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Martial arts, rock climbing, Buddhism

Does anyone here practise martial arts alongside Buddhism? I seem to remember @lobster mentioning this at some point. There’s a long history of combining the two. See Shaolin Temple and the myth of Bodhidharma inventing Kung Fu:

https://en.wikipedia.org/wiki/Shaolin_Kung_Fu

I “practise” rock climbing, at an indoor wall for convenience and then outdoors whenever I can. I feel it commends itself pretty well as a mindfulness practise, if one chooses to perform it mindfully. I suppose the same can be said for all walks of life, but there’s something in the careful and considered movement of climbing, the edge of risk which keeps the mind centred, and the necessity of working with one’s fear. I’ve often wondered if these qualities are shared with martial arts. If so, they might explain the latter’s traditional association with Buddhism.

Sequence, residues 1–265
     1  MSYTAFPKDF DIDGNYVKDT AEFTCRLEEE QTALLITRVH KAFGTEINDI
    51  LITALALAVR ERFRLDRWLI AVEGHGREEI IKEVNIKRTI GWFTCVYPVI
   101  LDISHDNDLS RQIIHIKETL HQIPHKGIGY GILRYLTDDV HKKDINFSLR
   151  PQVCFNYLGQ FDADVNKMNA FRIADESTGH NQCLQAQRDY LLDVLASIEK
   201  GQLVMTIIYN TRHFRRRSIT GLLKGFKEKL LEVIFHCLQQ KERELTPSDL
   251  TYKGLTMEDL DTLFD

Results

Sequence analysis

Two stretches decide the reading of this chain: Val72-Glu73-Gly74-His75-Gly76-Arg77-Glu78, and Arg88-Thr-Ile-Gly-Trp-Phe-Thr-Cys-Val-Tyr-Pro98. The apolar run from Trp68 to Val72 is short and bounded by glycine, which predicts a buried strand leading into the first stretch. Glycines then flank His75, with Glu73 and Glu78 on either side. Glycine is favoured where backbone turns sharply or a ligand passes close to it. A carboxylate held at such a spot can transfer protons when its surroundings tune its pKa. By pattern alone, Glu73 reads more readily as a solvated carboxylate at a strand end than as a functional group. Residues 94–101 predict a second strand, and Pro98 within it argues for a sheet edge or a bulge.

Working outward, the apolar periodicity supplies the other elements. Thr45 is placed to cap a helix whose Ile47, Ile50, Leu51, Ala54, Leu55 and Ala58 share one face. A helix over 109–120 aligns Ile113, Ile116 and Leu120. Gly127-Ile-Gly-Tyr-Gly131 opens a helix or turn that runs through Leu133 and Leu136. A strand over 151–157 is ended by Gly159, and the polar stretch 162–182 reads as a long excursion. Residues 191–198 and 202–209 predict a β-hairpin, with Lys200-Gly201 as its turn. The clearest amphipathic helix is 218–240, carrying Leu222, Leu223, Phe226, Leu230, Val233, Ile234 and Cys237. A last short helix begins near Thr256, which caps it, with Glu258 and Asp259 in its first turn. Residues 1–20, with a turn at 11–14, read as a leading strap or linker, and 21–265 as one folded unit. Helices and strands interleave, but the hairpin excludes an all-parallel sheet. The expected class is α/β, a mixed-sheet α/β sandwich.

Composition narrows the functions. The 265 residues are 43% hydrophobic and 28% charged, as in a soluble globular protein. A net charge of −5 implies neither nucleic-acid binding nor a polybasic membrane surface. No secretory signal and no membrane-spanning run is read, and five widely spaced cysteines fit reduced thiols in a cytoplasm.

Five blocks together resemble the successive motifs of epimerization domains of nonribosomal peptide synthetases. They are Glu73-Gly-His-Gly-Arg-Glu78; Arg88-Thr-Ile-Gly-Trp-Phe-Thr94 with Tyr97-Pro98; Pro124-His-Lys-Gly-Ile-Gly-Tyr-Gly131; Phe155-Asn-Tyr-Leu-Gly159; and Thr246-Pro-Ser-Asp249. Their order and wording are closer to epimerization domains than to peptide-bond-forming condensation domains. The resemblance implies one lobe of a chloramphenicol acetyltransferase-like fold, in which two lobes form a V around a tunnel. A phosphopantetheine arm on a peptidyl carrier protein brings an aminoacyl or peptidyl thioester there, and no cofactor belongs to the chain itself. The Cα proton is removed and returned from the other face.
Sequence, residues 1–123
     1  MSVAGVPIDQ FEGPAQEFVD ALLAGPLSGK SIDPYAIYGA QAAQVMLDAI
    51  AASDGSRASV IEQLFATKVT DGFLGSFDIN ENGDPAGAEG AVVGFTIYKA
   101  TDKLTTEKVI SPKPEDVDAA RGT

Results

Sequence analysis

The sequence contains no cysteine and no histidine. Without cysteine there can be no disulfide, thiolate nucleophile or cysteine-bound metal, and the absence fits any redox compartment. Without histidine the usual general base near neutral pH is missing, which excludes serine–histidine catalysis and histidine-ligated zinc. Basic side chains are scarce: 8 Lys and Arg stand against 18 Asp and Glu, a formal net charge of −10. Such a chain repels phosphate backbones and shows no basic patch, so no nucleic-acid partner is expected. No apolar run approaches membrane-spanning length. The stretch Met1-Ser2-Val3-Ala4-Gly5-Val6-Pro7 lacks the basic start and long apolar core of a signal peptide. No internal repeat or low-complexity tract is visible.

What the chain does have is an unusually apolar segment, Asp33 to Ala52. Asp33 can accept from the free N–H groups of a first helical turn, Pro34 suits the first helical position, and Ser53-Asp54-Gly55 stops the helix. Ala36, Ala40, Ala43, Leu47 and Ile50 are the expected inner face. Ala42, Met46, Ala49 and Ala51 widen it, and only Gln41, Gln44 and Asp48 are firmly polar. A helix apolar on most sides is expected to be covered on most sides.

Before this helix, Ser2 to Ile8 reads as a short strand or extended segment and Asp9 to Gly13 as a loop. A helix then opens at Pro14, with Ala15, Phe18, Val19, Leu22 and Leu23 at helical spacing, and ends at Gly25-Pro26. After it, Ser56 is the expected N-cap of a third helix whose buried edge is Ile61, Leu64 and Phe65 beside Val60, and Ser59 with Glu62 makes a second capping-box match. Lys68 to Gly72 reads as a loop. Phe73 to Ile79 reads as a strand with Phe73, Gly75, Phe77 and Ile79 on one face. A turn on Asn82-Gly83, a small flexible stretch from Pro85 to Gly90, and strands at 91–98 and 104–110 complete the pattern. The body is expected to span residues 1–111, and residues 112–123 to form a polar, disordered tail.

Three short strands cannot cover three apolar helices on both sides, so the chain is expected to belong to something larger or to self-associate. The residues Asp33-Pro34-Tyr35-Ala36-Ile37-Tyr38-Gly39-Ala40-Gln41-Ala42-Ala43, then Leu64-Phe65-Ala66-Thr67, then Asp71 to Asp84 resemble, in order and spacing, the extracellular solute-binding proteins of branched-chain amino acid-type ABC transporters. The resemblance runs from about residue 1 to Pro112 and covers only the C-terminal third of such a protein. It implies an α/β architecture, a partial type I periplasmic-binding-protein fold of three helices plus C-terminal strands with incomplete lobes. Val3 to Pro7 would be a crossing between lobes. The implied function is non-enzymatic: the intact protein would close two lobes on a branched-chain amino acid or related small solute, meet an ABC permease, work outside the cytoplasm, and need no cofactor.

There is the further focus in martial arts, however, of self-defence and the prevention of violence, which I feel all genuinely wise traditions have emphasised.

So, do you practise martial arts? How does it contribute to your Buddhist practice?

Comments

  • KeromeKerome Love, love is mystery The Continent Veteran

    I did Tai Chi for a while, as a meditative movement form and so not so much as a martial art. I thought it was pretty complementary, it was somewhat akin to walking meditation in how it’s approached, but a little more complex in the mind because you have to keep the flow of motions in mind which in walking meditation has become an automatism.

    I’ve also done a week’s course in Kyudo, Japanese Zen archery, and that also has strong links with meditation. The archer gains a sort of whole-body awareness and a seeing of the target in the mind’s eye. It’s much more about silence and stillness at the point of aiming, the movements are quite ritualised and stylised.

    I have also done Judo but that was a long time ago. What I remember from it is that a lot of the movements are triggered by reads from the opponent. In that way most martial arts are different from walking meditation, in the presence of an opponent to whose moves you respond.